# opinion

I feel very strongly that the direction that things like the nLab, Lurie’s /Higher Topos Theory/, and the Stacks project *is the wrong one*. Like Grothendieck’s work it is very hard to consistency check these things and they do tend to doorstopness when published. Errors are subtle and lost in a sea of TeX. Moreover I feel that we’re recapitulating the historical territory that was already encroached on by the story that started with Frege and whose current torchbearer is Chaitin. I get antsy when reading papers that are many pages of category theory without alternate metaphor demonstrations, as if somehow the magic language fairy is going to bop us on the heads with the pixie dust of understanding because now we’re doing things in categories and toposes instead of sets.

Rucker sees gnarl. I agree with him. We don’t know what to make of gnarl yet because many people are waiting for their lucky break at the Forget Functor Lottery: if only I have the right abstractions I can solve everything: hypergeneralization is just as nonproductive as foundationalism, and Chaitin’s comments about randomness aside: there is froth, there is nature.

I get hopeful when I think that future interface rigs to mathematics are going to be like the accountant’s interface to the Hitchhiker’s Guide to the Galaxy’s financial systems (see /Mostly Harmless/).

Furthermore (and this isn’t my torch to bear), I think that the mathematics that is being taught children is the wrong sort: why teach them to be gimcrack calculating machines and later force them to unlearn commandments issued by clueless teachers when we could be using the articulation of the computer to give them intuitive understandings of concepts that have never been available before in history? And think of what kind of mathematicians those children could turn out to be when they grow up? It’s not fair to show kids fractals and then say “it’s time to do this algebra!” for two very important reasons: allowing the child to play with the former would allow them to have a very kinesthetic/visual emotional way about reasoning that would be more useful to developing mathematical competency and interest than dragging them through arbitrary (from the point of the historical contingency of mathematical symbolism) and capricious symbol manipulation rules for which they’re being judged on their ability to apply flawlessly, and it is unfair in the waving a carrot on a stick in front of the kid and then giving them an ant to eat when they have solved the problem to the satisfaction of idiotically backwards grading system. We’re actively reducing the pool size of potential brilliant mathematicians with the current setup.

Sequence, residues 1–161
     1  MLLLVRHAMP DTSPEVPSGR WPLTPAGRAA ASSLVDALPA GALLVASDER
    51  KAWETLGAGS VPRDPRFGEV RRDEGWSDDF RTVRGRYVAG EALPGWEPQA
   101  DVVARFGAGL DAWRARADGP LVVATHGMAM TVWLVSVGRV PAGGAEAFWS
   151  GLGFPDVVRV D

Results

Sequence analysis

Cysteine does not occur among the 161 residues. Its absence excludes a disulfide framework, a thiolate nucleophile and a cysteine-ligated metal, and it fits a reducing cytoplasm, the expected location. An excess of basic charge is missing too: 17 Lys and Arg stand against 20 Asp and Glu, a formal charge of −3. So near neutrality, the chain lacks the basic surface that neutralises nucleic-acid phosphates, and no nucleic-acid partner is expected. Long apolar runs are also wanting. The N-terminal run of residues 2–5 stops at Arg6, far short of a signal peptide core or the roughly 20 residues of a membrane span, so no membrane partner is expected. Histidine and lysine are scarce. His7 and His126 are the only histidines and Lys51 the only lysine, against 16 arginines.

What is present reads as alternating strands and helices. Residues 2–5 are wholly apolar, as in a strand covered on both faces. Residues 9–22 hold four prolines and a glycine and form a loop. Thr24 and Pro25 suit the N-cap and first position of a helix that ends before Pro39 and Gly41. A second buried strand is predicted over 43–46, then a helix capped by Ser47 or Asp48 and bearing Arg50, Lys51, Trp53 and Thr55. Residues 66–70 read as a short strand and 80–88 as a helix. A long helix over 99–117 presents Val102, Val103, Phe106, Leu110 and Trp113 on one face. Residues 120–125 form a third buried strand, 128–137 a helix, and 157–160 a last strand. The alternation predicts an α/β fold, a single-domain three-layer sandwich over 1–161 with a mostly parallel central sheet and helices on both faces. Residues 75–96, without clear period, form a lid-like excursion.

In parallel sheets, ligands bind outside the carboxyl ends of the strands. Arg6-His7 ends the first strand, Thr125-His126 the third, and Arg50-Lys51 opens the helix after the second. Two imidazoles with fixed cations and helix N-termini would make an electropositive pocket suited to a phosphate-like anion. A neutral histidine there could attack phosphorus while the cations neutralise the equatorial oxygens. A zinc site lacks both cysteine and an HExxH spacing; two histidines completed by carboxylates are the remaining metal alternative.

# complete graph K37, laser etched.

With Ike Feitler‘s help:

The complete graph $K_{37}$, laser etched on acrylic. There
is an svg of the design at thingiverse, so if you have a laser etcher, you can make it yourself.

According to Wolfram Alpha, $K_{37}$ is
arc-transitive, biconnected, bridgeless, cage, Cayley graph, chromatically unique, circulant, claw-free , complete, connected, cyclic, determined by spectrum, distance-regular, distance-transitive, edge-transitive, Hamilton-connected, Hamiltonian, Hamming, integral, Johnson, Kneser, LCF, line graph, nonplanar, perfect, regular, strongly regular, symmetric, traceable, Turán, unitransitive, and vertex-transitive. (links will come with a future edit to this post).

It has graph spectrum $(-1)^{36}36^{1}$ and 666 (spooky!) edges. The graph stability index is 1.203 trillion.

# arcs of the Riemann zeta function’s nontrivial roots

In Boston, we had some rainbows today:

But I want to share with you a different sort of rainbow arc.

I recently got Elias Wegert’s amazing book Visual Complex Functions for my 35th birthday. Along the edges of some of the pages are phase portraits of the critical strip of the Riemann zeta function $\zeta(s)$. Elias has pictures of these strips up on his website. The yellow diagonals are fairly straightforward to see, and he’s written The Riemann Zeta Function on Arithmetic Progressions about them, in which we find out that there is a /stochastic period/ of order $2\pi/log(2)$.

I used gimp’s zealouscrop function and imagemagick to glue these strips together, yielding this picture: